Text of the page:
As teens gets older, they are likely to have more opinions about medical care and increased need for privacy. You can continue to support your children while encouraging them to start taking control of their healthcare.
When children turn 13 (18 in Alaska), they will need to set up their own Premera online member account. They can also install the app on their phones.
Not every teen is ready to take responsibility for everything the day after they turn 13. You can help while still respecting your child's need for privacy. Encourage them to be more involved in their healthcare visits.
Step 1: Help your teen take charge of preventive care
Preventive care at an annual checkup is still important for teens. But what happens at that checkup does change.
Three ways that “well child” checkups might change, starting at about age 16:
- The doctor expects the teen to understand and OK tests and treatments.
- The teen should speak up with questions and input about their own health.
- The teen may spend time talking with the doctor or nurse alone, without a parent present. They may talk in private about:
- Depression and other mental health conditions teens often struggle with
- Birth control and disease prevention
- Drug or alcohol use
Teens can begin to get involved in preventive visits by:
- Making a list of questions to ask the doctor or nurse.
- Bringing medications and supplements they are taking to the appointment.
- Bringing any school forms needed for medications or sports participation.
- Taking notes at the appointment to remember what the doctor says.
Step 2: Help your teen take responsibility for maintaining health and healthcare
6 things you can expect a teen to start learning how to do themselves:
- Take medications on time.
- Fill or refill prescriptions.
- Know what health plan covers them and what it covers, or how to find out.
- Know names and contact information for doctors, clinics, and emergency contacts.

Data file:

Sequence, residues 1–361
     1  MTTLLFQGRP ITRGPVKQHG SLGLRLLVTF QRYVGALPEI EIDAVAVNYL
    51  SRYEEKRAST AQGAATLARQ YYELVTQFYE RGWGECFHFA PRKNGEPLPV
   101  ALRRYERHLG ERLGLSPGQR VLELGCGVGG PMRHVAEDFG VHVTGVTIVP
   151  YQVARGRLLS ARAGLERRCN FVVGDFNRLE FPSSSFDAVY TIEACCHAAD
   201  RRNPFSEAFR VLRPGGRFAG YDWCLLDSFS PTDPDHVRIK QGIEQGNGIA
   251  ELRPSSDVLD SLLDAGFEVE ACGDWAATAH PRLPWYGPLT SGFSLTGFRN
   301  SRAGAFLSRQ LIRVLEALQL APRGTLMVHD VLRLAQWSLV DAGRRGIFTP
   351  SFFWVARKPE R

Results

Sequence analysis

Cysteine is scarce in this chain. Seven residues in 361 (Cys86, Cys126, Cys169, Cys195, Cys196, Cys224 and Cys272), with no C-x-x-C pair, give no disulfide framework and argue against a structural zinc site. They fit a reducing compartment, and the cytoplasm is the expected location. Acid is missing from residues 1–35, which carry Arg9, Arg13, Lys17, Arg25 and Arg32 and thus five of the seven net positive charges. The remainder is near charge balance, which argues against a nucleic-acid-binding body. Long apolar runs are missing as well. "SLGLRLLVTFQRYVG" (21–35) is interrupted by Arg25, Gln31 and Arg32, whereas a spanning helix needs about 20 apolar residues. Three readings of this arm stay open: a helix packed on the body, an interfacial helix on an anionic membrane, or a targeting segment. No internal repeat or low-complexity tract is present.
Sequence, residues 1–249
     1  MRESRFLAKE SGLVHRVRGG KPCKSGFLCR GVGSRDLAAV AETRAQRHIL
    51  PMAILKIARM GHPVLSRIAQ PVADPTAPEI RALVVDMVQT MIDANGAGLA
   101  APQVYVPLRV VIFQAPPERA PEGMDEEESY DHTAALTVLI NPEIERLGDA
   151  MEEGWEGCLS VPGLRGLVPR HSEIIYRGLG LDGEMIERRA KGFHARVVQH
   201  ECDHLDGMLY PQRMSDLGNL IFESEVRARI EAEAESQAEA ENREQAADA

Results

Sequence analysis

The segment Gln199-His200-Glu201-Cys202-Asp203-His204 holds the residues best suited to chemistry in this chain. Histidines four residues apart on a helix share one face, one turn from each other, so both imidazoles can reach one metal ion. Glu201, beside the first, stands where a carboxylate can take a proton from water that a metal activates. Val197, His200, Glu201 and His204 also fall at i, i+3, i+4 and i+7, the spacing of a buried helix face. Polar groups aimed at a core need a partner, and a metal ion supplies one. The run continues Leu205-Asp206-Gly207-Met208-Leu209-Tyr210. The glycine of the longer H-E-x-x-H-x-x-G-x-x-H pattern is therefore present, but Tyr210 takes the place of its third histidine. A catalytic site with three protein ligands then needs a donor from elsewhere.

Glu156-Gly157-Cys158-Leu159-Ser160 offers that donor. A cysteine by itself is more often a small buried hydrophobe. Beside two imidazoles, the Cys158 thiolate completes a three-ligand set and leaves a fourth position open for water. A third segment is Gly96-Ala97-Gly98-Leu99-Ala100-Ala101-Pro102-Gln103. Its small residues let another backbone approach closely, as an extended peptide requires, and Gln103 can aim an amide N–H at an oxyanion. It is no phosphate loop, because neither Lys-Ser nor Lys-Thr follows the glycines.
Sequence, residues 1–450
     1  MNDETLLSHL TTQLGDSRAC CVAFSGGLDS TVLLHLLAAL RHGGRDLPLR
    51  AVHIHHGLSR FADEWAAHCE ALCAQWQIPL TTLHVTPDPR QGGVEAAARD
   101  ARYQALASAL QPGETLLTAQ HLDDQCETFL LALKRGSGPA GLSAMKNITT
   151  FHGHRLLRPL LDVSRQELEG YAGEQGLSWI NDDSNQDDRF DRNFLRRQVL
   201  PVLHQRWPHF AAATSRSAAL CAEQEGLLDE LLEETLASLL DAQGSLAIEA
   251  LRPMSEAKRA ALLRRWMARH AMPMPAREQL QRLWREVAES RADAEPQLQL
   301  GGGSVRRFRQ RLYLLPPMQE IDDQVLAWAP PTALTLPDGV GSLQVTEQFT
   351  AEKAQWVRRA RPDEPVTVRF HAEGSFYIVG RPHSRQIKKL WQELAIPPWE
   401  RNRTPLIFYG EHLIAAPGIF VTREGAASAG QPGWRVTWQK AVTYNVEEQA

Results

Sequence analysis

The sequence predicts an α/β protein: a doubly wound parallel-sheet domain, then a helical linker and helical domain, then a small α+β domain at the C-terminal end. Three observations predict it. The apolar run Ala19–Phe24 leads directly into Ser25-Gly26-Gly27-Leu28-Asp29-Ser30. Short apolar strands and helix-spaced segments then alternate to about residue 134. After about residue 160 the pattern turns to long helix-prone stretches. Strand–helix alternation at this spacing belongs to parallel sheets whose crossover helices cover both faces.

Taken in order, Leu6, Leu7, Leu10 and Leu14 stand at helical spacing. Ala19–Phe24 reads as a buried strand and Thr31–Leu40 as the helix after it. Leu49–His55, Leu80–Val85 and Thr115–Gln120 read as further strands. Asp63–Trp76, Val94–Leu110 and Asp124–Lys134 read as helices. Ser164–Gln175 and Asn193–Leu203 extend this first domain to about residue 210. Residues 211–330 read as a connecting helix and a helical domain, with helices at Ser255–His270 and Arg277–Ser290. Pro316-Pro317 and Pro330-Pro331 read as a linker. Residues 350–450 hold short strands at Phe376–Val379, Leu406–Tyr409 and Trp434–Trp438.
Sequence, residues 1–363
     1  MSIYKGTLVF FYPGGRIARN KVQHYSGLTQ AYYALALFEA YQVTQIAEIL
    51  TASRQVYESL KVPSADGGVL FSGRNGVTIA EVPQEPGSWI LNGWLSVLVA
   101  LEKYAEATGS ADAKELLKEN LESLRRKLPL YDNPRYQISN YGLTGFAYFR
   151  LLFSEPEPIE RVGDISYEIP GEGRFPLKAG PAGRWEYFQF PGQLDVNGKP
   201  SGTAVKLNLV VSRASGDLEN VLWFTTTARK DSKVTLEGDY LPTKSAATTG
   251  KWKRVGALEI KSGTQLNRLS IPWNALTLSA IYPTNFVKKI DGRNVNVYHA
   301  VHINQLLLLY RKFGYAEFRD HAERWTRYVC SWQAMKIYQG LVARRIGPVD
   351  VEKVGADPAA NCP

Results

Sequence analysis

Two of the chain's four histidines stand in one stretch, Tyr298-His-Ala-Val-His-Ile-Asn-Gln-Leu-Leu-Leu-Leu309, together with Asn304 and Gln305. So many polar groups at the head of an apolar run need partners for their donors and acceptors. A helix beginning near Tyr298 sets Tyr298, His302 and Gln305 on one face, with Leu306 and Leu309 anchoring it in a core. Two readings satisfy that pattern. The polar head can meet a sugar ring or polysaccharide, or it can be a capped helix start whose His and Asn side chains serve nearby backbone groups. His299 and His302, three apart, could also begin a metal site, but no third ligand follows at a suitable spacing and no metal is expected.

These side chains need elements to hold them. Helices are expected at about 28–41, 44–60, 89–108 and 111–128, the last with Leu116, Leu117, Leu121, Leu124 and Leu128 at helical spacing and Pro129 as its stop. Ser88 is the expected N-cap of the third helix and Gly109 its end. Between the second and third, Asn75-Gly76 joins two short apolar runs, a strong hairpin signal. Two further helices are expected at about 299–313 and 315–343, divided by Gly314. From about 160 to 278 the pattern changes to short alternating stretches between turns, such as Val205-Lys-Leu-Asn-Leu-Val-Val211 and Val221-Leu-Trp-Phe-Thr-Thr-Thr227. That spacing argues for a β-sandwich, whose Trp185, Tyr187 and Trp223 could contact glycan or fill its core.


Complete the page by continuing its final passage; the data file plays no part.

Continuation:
- Program emergency contacts into her or his smartphone.
- Know how to decide between calling the doctor or 24-hour Nurseline, going to urgent care, and going to the ER.
Step 3: Help your teen's transition to adult primary care
When your child becomes a legal adult at 18, they can get care from an adult primary care physician. To stay with a familiar provider, they may continue to see their pediatrician into their 20s. But they'll need their own adult care provider.
Five ways you can help ease their transition to adult care:
- Encourage them to identify the characteristics and location of the person they will want to see.
- Tell them about the range of providers they can choose. That includes nurse practitioners and naturopaths as well as family physicians and internists.
- Ask your pediatrician for referrals.
- Show your child how to use the Find a Doctor tool. They can use this tool to find in-network primary care doctors when they sign in to premera.com or the Premera mobile app.
- Ask your doctor to discuss specific tests and checkups your young adult may need. Check a list of covered preventive benefits in your Premera.com account and by selecting Preventive Benefits.
For suggestions about how to help your adult child find the right doctor, see How to find the right doctor for you.